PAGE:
Back in October, Apple announced that 12 Pro and 12 Pro Max will support a new ProRAW image format that combines Smart HDR 3 and Deep Fusion with the uncompressed data from the image sensor. With the release of iOS 14.3 a few days ago, the ProRAW capture was unlocked on the iPhone 12 Pro pair, and I immediately set out to test it out.
The idea was to show how much of a difference it makes to take JPEGs on iPhone, post the samples, and call it a day. As the tests went on, it turned out to be less than a simple matter, so the following article was born.
A preface to the method and mindset used in this article. I take a lot of photos with my phone (which is currently the iPhone 12 Pro Max) and take them in regular old compressed JPEG (or HEIC in this case). I also edit them on the phone with a few different apps (but mostly Apple’s Photos) – I add a touch of micro-contrast, a touch of warmth, a slight vignette – similar minor tweaks. Most days I also use a suitable camera and only shoot RAW. However, I have found that capturing RAW on a phone doesn’t give any better results than the phone’s excellent computer photography.
In this article, I’ll test to see if that has changed. Will Apple ProRAW give you better photos instead of JPEGs? I’ll be editing the pictures on the phone myself using my own tools (one exception is mentioned below). Now let’s dive in without further preambles.
According to Apple, ProRAW gives you all the RAW image data as well as noise reduction and multiple exposure corrections. Essentially, this means you get the right exposure in the highlights and shadows, as well as lower noise reduction as a starting point. However, you won’t get any sharpening and color adjustments. That means you have to start with a less sharp, less punchy image and take a few steps to make the DNG look as appealing as the JPEG before you end up making net profits.
Here are some full pictures of a pristine JPEG from the phone and a pristine (converted) DNG from the phone side by side. Note the mildness of the DNG images compared to the JPEGs.
JPEG, unprocessed • DNG, unprocessed
The next pictures are JPEGs edited to your liking on the phone and the corresponding DNGs edited to your liking on the phone. The point here is to see if the ProRAWs offer a tangible benefit after editing. ProRAW gives you more precise control over sharpening, white balance, and highlights. The biggest difference you can see in ProRAW’s favor is in the extreme dynamic range test shot (shot straight into the sun) – the information and detail in the shadows is clearly superior.
However, Apple’s Smart HDR 3 and Deep Fusion increase the contrast and luminance of certain colors like orange, yellow, red, and green, resulting in brighter and more pleasant-looking trees and grass. There is no easy way to restore that luminance with the basic photo editing you have with Apple’s Photos app.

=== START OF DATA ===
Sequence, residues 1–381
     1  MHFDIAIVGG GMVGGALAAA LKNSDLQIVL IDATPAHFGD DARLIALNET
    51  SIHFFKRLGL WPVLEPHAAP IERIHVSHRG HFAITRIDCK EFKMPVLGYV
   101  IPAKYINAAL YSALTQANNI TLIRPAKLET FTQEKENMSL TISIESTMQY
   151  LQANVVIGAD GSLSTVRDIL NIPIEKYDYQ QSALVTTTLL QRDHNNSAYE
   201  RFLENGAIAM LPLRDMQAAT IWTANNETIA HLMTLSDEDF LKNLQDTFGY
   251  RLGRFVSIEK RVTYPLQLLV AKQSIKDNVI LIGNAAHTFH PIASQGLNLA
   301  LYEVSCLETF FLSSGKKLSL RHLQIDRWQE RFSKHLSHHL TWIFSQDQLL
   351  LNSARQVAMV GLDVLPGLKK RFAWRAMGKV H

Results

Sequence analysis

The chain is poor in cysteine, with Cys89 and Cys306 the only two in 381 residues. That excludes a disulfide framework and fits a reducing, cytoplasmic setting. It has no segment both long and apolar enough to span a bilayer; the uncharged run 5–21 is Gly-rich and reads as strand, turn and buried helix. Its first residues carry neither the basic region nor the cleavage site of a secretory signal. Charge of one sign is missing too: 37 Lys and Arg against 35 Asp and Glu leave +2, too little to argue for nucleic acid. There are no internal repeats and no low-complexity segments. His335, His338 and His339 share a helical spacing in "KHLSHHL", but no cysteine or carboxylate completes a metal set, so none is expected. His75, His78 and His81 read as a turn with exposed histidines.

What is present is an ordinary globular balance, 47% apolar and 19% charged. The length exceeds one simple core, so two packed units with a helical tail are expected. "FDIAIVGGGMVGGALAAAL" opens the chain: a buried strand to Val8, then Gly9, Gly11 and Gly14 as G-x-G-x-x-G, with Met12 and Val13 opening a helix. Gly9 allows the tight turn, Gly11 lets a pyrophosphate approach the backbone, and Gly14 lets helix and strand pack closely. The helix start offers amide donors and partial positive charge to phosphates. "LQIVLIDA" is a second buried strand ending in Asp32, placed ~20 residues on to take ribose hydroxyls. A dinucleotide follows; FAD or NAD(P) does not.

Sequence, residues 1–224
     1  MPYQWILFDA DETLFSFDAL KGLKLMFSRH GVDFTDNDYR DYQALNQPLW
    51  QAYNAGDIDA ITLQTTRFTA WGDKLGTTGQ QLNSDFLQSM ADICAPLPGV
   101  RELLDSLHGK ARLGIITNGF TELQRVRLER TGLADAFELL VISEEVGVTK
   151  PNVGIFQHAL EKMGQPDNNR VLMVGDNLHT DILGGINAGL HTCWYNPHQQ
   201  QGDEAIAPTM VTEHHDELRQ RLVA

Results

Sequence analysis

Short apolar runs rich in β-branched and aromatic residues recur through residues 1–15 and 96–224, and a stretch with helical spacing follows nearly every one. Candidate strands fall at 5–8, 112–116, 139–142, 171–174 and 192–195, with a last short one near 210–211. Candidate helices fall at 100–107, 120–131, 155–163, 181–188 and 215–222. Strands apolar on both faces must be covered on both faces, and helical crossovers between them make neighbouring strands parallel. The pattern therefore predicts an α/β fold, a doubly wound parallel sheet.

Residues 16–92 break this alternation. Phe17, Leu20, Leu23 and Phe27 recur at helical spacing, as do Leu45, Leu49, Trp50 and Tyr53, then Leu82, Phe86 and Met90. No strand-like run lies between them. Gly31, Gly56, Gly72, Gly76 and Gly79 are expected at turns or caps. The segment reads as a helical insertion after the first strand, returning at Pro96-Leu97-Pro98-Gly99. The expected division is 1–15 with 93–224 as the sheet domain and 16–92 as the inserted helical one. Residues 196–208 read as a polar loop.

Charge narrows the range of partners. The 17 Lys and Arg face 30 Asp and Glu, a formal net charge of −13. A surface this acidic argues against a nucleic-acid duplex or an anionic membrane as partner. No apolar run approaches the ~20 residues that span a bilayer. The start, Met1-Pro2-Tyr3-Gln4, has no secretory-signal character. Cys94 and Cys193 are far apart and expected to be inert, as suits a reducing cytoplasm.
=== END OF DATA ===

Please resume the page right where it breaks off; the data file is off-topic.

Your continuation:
In the end, the JPEGs straight from the phone are better and even after the changes to the ProRAW DNGs, the little benefit is using them. Use JPEGs in normal, well-lit conditions.
JPEG edited to taste • DNG edited to taste
Next, I took the DNGs off the phone and brought them into Lightroom on a PC. I was able to get more detail from the shot (with a slightly lower noise penalty) and there is a noticeable difference in shadow information in the RAW files.
This isn’t new, however – you can always get a little more out of an image by editing the DNG. However, this takes considerably longer. The effort involved in using a complicated third-party software and the resulting image do not justify the effort. The phone works well enough in the second to take the picture and adjust it for you.
JPEG, edited • DNG, edited in Lightroom
I was expecting to get the most out of ProRAW in low light, but Apple’s regular JPEGs turned out to be as good as the DNG. The edited ProRAW images have the least amount of noise edge and a little more highlighting information, but it took a lot of fine-tuning to get them there.
JPEG low-light, processed • DNG low-light, processed
A big advantage of ProRAW is that it can be used in conjunction with the iPhone’s night mode. However, when I look at the images side by side, I don’t see any reasonable reason to edit the DNG file over the JPEG file. Can you?
JPEG night mode, edited • DNG night mode, edited
I wanted to find out if capturing and then editing ProRAW on iPhone 12 Pro Max would help me get better pictures than what I’ve always done – capture in JPEG format and then easily edit the picture on the phone. It was not like that. Computer photography has gotten so good that it does essentially all of the work for you, and I want to add right away.
There’s always a bit more that you can get by editing and using ProRAW instead of JPEG to get a whole lot of extra sensor data. However, this is useful for playing around with white balance or making artistic, whimsical edits that change the entire look of an image. That’s not what I do – I use my phone to capture the world as I see it with a touch of improvement.
If you’re shooting RAW on an iPhone using the Lightroom or Halide apps, turn on ProRAW right away and never look back. It’s better than these other apps just because of its sophisticated noise reduction.
It would be great if Apple enabled a JPEG + RAW capture mode like they do on real cameras. I’m sure the A14 chip has the headroom for that. You may want the ProRAW files to edit, but otherwise rely on the convenience of the fully edited JPEGs.
ProRAW works with night mode, but not portrait mode, and that would be extremely useful. RAW files offer the full potential for manipulating faces and skin tones.
There’s a place for ProRAW and it’s great that Apple unlocked it for their Pro iPhone 12. There are tons of people who want the freedom to edit an image “their own way” and for them ProRAW is just that – a pro version of a RAW. But I’ll stick with my smart computerized JPEGs, thank you very much.